i’m a writer…?

In my new job, I’m surrounded by young visual artists, many of whom are working on their writing. At a staff meeting last week, we were asked to consider the concept of ’the writer’. What does a writer look like? Where are they, and who is around them? Next, we were asked to recall the last time we wrote, and visualize that scene – where we were, who we were with, the sounds around us, etc.

The exercise was telling; for most of us, the scenes of ‘a writer’ and ‘ourselves writing’ were quite different. One woman pictured a Stephen King-type character, drafting a bestseller on a typewriter in an old study filled with mahogany furniture and leather-bound books.

My concept of the writer was more bohemian; philosophers in Parisian cafes recording their observations on human nature, art, and politics. Though this image morphed into a modern-day version of me, it still didn’t match where I actually last wrote: my previous job, a place I was unhappy in, drafting a blog post on my work email between meetings and daily duties.

Writing got me through the day.

a collage

As I shared in my last post, I left that job a few weeks ago, largely because I had little creative juice left at the end of the day to pursue my other loves – those endeavours known and unknown, longing to be explored.

My new position doesn’t require much writing, but I’m surrounded by creative colleagues who are eager to learn more about my personal practice. And every time they express interest in my writing, I hesitate. I’m fascinated by this continual reluctance to see myself as one of these talented, artistic people!

Our meeting activity really illuminated how pervasive and insidious certain labels can be. But it also helped me realize that, when I’m composing a blog post, I am a writer. I’m choosing to write because I love to write. It doesn’t matter where I am, who I’m with, what I’m wearing. It doesn’t matter if I do it daily or how many words I type or who’s writing more or less. In that moment, I am a writer.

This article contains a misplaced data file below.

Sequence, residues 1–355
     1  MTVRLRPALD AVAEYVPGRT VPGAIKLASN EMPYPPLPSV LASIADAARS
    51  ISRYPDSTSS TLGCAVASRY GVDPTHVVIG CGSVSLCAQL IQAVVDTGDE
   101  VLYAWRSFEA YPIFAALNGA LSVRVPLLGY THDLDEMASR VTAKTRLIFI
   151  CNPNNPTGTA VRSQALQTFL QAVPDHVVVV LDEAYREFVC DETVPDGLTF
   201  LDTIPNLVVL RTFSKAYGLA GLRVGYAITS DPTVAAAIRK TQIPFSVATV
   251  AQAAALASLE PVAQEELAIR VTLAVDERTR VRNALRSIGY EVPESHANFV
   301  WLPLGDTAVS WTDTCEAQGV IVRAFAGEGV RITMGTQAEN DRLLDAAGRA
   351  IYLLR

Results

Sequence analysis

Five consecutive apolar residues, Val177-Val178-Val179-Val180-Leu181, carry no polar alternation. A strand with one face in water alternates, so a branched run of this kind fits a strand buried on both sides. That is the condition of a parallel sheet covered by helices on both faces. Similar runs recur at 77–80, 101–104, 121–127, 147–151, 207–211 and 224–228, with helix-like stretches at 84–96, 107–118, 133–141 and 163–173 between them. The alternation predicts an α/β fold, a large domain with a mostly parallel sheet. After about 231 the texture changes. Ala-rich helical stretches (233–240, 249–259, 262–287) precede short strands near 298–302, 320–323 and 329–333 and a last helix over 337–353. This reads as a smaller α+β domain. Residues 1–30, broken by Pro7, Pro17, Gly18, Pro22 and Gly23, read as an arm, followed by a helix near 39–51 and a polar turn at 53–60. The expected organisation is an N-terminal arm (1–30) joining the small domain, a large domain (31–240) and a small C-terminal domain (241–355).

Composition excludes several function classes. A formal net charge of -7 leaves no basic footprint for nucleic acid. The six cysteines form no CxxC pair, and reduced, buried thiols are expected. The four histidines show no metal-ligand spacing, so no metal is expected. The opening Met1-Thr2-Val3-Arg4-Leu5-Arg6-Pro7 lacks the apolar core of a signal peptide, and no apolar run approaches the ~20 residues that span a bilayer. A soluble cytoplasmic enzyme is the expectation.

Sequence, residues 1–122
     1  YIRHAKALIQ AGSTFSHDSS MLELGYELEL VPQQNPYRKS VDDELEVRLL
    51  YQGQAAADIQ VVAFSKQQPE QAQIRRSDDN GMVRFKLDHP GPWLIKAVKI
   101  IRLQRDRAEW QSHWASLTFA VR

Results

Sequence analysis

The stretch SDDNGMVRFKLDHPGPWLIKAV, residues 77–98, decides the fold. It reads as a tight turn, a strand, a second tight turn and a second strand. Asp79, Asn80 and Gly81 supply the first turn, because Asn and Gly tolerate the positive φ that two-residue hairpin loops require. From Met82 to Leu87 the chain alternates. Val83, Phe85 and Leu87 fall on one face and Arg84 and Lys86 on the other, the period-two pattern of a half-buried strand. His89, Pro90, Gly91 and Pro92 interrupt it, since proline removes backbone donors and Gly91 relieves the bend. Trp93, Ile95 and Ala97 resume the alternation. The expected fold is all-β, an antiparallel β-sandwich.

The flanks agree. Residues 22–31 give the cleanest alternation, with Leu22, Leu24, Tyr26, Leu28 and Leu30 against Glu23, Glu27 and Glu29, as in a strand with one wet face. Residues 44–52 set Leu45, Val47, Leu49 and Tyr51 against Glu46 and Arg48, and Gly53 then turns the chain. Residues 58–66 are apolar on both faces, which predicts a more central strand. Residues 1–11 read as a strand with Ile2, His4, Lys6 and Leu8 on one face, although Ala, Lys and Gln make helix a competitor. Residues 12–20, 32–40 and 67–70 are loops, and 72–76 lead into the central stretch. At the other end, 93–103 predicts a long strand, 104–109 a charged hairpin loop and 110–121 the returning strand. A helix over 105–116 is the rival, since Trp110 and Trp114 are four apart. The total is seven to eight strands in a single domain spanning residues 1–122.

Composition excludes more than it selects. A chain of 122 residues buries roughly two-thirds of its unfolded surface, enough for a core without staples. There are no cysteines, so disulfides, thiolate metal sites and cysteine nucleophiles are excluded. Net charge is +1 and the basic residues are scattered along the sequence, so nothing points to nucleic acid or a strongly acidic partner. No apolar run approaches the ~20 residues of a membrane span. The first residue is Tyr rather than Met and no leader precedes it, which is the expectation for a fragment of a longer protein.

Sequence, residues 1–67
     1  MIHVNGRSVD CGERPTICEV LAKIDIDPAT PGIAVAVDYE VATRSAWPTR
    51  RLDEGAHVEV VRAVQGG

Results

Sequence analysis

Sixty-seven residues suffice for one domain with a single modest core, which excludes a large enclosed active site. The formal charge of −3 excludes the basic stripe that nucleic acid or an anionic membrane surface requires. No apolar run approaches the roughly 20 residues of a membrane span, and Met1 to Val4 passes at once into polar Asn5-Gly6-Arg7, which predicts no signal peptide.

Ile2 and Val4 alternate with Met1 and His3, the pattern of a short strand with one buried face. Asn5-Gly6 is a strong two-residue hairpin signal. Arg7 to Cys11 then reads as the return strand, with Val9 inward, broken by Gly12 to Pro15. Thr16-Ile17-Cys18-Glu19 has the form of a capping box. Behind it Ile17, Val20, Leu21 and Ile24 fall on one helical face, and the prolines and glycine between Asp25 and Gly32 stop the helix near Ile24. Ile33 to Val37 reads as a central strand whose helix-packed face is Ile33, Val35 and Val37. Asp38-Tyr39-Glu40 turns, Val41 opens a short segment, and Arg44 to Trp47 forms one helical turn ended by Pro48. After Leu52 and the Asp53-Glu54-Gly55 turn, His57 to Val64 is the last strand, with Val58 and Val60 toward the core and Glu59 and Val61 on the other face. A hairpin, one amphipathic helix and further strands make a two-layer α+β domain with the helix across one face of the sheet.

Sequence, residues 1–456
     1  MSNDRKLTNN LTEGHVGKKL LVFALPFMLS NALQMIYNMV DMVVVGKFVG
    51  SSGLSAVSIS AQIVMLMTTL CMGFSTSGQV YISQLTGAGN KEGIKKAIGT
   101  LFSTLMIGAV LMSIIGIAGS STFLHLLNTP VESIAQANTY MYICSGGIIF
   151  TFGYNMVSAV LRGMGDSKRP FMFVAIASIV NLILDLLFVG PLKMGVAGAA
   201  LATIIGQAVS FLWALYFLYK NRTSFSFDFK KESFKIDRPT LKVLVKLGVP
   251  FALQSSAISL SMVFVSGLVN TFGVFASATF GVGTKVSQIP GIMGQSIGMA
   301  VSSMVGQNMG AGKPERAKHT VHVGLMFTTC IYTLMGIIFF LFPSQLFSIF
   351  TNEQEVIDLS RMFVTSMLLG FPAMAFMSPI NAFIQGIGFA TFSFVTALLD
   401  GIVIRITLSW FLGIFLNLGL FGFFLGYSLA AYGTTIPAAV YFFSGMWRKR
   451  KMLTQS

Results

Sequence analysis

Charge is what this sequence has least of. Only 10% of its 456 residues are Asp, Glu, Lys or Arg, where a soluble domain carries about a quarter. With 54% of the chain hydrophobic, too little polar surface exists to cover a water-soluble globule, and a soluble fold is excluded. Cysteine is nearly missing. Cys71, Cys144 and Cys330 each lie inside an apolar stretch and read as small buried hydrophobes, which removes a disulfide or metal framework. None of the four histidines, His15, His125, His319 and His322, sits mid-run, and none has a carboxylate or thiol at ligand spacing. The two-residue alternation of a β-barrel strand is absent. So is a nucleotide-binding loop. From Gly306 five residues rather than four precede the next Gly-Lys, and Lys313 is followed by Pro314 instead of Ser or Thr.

I could go further, but I discovered a post from my early blogging days that totally captures what I want to say. It’s a timeless reminder from 5-years-ago me to my present self (I love it when that happens!):

We are all creative.

No labels required.

the sword of the feminine

A few years ago, during my first Ayahuasca journey, I was shown the image of a sword. I’d never seen anything like it before. It was a work of art, beautifully silver and encrusted with jewels and crystals. I understood that this was not a weapon of destruction; it was the sword of love, cutting through all illusion. The sword of the Feminine.

I think about this sword often. Sometimes I feel it as an etheric presence behind or above me. The image was/is so pristine and powerful, merely remembering it brings me comfort and relief. The sword itself is a remembrance of something I intuitively understand but can’t quite articulate.